THE head honchos at LIME/Cable & Wireless must still be scratching their heads in disbelief. The golden plan (or maybe the green plan) to implement e-billing and charge customers for receiving paper bills went horribly wrong. On paper, that is not such a bad idea, but it was severely lacking in finesse and in implementation. How could a plan to reduce on their internal costs, to improve efficiency, and embrace technology go so wrong?
Was that project doomed from its inception? The customers’ quality expectations and acceptance criteria were missing some essential substance. The project management team could have also benefited from additional talent to avoid LIME hitting such a sour note in this ill-conceived misadventure.
Why make such missteps and misjudgements, and enrage customers and regulators? Rose-tinted glasses and blackened bottom-lines perhaps?
Consider our local economy. We are a tiny country, once previously under the pounding fists of a monopoly. We can recall an era when it cost us money to make and receive phone calls. It even cost us more money to make “trunk” calls to someone in the next village or exchange. In a tiny island, where no part is further away than 27 miles away, we were conditioned to think that there was a significant expense to the cost of providing communications infrastructure.
In the UK home of Cable and Wireless, the size of our country is comparable to some villages. Could Cable & Wireless ever justify their trunking and partition of families and neighbourhoods in a similar manner? Unlikely.
In part, the justification was that large markets overseas allowed for a discounted service to small villages and to recoup their investments. Reasonable, but somehow, despite our small size, reduced lengths of cabled and wireless links, and seemingly lower physical infrastructure investment, these automatically lead to higher overheads. Leading, of course, to higher bills on average, as compared with vastly larger and more distant markets.
Sadly, the distorted market conditions have poisoned the minds and the psyche of our people, and seem also to have blindsided the company regarding basic customer service and appreciation.
Some years ago, I was demonstrating the use of Skype to an older relative. She was truly impressed with the quality of the free video-calling service. It must have seemed like something from a James Bond movie.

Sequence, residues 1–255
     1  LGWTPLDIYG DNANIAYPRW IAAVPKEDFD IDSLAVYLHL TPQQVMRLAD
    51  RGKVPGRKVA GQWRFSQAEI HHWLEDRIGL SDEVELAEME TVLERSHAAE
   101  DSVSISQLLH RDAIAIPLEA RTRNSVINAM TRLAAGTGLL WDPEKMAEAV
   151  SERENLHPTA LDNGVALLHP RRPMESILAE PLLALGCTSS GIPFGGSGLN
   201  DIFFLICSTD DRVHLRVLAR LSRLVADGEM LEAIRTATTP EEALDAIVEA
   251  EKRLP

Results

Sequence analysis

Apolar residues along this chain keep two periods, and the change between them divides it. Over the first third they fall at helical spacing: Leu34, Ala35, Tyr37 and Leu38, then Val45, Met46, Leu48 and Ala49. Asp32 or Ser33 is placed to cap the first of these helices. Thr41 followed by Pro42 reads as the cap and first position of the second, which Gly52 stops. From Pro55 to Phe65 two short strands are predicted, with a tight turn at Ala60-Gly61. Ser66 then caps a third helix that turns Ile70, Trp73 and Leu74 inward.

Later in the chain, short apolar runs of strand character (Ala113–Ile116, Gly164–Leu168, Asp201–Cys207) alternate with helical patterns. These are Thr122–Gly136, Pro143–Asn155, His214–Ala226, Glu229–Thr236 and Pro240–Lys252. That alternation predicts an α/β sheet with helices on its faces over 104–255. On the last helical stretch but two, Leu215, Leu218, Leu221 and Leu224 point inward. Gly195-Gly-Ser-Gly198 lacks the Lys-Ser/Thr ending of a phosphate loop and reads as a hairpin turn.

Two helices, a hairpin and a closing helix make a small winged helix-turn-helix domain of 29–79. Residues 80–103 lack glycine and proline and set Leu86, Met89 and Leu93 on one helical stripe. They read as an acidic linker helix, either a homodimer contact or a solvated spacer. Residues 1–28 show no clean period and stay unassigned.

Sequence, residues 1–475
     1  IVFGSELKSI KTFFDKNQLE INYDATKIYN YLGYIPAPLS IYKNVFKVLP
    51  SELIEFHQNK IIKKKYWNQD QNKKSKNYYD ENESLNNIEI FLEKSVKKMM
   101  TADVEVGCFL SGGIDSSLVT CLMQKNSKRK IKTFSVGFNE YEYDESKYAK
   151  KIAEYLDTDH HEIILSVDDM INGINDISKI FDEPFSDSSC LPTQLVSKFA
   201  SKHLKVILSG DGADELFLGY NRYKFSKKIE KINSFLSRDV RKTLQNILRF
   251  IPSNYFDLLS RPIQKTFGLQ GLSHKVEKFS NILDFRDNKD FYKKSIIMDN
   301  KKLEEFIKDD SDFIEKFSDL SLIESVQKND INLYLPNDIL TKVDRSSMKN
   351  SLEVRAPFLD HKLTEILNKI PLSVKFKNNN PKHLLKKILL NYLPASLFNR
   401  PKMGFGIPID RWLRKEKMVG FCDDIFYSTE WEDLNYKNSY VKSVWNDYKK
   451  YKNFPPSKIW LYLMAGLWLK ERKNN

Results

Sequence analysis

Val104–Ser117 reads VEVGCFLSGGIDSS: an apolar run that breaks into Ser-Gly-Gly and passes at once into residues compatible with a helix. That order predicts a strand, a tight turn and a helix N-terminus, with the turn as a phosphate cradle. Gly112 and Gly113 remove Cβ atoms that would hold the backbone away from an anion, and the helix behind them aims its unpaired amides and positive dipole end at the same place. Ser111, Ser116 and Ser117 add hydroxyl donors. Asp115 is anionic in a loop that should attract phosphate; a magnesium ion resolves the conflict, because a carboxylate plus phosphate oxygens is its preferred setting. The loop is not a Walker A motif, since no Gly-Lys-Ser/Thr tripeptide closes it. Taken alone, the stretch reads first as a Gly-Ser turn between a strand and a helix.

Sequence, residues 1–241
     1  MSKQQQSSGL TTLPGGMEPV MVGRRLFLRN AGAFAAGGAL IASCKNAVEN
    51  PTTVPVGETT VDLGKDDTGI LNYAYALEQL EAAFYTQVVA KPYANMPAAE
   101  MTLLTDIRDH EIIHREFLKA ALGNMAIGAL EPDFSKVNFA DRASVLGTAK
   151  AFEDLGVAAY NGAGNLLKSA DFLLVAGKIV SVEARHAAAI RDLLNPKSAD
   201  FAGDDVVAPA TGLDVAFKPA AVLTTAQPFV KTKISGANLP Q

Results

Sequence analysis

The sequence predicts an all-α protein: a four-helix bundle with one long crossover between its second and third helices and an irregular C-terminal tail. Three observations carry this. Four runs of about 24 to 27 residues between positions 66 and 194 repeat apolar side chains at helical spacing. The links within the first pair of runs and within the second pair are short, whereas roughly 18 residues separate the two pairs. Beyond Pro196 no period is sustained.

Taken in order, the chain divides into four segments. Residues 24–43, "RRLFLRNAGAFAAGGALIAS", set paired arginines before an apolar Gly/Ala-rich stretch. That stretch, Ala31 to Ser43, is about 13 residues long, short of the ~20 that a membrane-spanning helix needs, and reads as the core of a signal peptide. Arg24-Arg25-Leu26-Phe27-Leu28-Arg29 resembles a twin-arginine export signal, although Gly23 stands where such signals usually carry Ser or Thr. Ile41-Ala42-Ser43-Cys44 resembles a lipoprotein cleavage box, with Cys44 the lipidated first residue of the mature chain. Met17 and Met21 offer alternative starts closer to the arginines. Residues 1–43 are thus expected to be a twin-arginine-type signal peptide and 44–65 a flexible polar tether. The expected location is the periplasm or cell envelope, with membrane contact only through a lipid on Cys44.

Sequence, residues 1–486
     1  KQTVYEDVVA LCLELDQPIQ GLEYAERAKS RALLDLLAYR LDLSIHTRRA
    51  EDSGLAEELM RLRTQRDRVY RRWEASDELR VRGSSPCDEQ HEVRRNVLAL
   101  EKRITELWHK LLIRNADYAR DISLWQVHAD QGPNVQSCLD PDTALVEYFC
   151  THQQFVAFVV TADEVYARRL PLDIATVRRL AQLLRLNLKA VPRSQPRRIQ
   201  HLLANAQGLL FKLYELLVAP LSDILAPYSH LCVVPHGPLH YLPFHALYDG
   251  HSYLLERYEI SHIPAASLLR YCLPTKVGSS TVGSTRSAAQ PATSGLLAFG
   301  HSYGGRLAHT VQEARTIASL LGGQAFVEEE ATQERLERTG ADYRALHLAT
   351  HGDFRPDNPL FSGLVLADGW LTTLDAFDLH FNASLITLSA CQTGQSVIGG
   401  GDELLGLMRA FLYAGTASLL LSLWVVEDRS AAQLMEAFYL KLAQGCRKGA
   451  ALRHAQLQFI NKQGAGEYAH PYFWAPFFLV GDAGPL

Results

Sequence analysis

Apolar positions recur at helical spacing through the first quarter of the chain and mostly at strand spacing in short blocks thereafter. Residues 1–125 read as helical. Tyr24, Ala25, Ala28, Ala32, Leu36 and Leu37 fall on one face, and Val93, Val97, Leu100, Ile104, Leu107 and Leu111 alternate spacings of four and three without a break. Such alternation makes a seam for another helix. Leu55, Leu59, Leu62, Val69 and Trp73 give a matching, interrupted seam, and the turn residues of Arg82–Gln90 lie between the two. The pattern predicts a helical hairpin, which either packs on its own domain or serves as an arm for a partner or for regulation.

I was taken aback when she asked about the cost of the Skype service. Although I said it was free, she was convinced that somehow, we had to pay LIME for that service.
Then, I glimpsed one of the harmful effects of long-term monopoly conditions on our people’s psyche.
Now, we have a company conditioned and accustomed to making its customers pay for the tiniest of services on the tiniest of islands.
Should we be surprised that there was a dominant view at LIME that we ought to pay to view paper bills, instead of being incentivised to switch to e-billing? Such power.Such hubris.Such tragedy.
LIME’s plan to reduce its costs and carbon footprint was good, even necessary. To do otherwise would be irresponsible, especially for such a large and influential company. The urge to deploy some new technology ought to be balanced by the utility of the technology, its acceptability, market conditions, and customer expectations too.
So our LIME has experienced a sharp lesson in humility, customer service and corporate responsibility. Have we learned our own lessons from this botched project? Perhaps we should be thanking the telecommunications Goliath for waking the sleeping David, in our midst. Thanks LIME!
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